Additionally, it is possible that USDA won’t even release a per commodity payment rate, but instead, just report county level payment rates. Our assumption is that something like the rates above will drive the determination of the county level payment rates, and this may not prove to be accurate.

Second, the purpose of Figure 1 is to illustrate the potential for wide payment variations, not to provide specific county-level estimates. Again, we don’t actually know what the USDA payment rates are going to be, so these estimates are just that. If the USDA would announce their metrics, we could take most of the guesswork out of the estimates, but so far, that is not the case.

Wide Variation

Based on our calculations and assumptions, the counties with the potential for the largest MFP crop payments in 2019 are in the Delta region. Keep in mind, soybeans are a large share of production (2018), along with the other high per-acre payment crop of cotton.

Outside of the Delta, the largest payment rates across the Midwest will be in the heart of the Corn Belt. In these areas, soybeans are driving most of the payment math while corn is pulling the weighted average lower.

Even within the I-States, county payment rates are likely to slip lower in the northern-tiered counties.

Outside of the Corn Belt, payment rates drop quickly. Consider how much variation states like Nebraska and Kansas have as you move west. This is a case where national- or even state-level- averages will be hard to interpret.

Figure 1: Estimated 2019 MFP County Crop Payment Rates. Crops included are corn, cotton, sorghum, soybeans, and wheat.
Click to enlarge...

While we wait for the USDA to announce the county-level MFP payment rates — which could come at any time — producers are left to guess what potential 2019 payments might be. We’ve heard many float the idea of a $50 per acre payments.

For a national average, MFP crop payments will come in well below this level. The math just doesn’t support such large payments given the size of 2019 MFP payment funds (the size of the pie) and the number of commodities that will have claims for payments (the number of slices). However, some counties will likely have much higher rates than the $50/acre, and some much lower.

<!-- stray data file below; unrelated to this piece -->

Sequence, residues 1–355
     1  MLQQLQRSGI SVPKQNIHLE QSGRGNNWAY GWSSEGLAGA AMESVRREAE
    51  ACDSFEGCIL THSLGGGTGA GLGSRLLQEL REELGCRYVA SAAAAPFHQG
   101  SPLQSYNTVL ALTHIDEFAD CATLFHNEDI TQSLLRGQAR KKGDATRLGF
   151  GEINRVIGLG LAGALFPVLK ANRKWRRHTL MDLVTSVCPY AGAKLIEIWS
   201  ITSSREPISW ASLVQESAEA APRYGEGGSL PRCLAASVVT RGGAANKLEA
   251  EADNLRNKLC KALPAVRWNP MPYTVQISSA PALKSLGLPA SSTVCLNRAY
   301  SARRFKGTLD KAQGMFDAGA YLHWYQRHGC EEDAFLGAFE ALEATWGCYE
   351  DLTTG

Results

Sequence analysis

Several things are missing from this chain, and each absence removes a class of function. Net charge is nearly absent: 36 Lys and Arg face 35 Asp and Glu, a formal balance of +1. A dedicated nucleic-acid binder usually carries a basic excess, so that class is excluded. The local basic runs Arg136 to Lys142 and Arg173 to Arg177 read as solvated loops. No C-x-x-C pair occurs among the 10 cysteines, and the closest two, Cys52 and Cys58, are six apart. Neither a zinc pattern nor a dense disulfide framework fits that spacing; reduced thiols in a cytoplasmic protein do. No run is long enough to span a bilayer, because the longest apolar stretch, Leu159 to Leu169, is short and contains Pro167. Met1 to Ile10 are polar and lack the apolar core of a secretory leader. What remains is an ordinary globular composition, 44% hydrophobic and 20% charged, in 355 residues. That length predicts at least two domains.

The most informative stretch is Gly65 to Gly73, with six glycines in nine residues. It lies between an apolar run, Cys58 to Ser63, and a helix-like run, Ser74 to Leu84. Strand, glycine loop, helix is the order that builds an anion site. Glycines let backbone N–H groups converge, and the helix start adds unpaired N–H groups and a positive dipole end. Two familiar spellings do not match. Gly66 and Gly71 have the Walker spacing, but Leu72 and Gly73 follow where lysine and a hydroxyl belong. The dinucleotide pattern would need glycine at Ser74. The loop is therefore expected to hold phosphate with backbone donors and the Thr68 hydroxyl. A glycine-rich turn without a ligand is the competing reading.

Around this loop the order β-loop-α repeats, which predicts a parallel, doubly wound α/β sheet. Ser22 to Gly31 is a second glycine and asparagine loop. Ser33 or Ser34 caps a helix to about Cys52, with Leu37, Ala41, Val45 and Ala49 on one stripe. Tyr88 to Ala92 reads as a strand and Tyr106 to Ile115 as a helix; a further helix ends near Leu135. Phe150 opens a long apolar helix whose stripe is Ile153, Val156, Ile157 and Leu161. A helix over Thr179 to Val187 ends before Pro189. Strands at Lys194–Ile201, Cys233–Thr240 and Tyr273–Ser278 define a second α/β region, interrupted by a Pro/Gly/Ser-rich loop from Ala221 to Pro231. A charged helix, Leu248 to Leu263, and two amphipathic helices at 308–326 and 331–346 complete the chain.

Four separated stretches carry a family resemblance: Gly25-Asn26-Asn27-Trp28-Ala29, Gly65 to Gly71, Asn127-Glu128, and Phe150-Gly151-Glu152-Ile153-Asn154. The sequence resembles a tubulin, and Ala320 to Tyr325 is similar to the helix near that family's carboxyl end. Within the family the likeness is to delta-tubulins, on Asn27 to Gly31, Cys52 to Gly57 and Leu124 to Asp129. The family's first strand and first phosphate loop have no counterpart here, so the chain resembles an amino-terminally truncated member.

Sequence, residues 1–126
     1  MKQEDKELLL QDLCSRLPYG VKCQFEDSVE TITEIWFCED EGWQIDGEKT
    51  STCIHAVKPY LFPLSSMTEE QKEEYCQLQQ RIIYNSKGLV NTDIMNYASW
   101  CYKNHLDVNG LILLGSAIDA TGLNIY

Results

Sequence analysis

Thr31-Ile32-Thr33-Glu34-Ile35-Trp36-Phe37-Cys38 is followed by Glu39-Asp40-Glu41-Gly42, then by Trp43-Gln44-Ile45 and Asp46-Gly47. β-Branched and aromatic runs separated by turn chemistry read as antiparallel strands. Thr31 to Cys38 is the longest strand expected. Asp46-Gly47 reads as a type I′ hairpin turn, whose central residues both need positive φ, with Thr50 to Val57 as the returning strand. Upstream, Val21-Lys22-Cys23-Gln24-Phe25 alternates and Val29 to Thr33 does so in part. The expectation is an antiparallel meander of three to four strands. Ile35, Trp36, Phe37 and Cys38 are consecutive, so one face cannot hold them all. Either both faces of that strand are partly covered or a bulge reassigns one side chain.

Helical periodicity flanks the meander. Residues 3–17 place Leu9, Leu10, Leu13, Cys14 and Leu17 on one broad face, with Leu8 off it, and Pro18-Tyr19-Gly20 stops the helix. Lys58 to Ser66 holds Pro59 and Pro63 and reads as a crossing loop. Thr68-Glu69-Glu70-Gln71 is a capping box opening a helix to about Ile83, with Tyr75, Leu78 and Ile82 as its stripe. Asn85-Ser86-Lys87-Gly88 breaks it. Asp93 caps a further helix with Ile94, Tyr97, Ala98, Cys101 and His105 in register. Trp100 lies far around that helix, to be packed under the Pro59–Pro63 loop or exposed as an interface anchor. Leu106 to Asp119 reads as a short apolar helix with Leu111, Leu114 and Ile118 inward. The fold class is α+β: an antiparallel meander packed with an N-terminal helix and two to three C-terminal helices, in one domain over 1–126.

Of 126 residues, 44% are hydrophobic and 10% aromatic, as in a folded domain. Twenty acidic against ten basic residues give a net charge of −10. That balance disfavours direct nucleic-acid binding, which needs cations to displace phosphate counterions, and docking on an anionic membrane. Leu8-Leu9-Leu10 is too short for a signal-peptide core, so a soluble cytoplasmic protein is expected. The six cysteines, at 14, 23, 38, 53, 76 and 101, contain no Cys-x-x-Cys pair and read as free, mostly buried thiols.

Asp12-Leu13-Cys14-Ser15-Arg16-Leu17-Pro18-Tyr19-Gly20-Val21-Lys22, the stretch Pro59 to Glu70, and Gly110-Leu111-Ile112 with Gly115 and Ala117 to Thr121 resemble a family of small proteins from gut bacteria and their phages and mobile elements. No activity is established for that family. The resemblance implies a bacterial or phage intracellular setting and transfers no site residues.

Based on 2018 payment rates and what we know about 2019, soybeans will again drive a large share of 2019 payments. Counties and regions that have traditionally had a large share of their acres planted to soybeans will likely see larger payments. Conversely, counties and regions where soybeans are a minor crop will see significantly smaller payments. States like Kansas and Nebraska will likely see wide variations in payment rates as you move across the state.

Putting this all together, the biggest story about MFP 2019 might be the wide variation of county payments rates. While large payments — e.g., greater than $50 per acre — will likely be possible in some counties and regions, most producers will see significantly smaller payment rates.

Once the USDA releases these county-level rates, producers can begin to update their budgets. Of course, the next uncertainty will be around the second and third payments. Specifically, how and when will the USDA determine and announce if these payments will be made.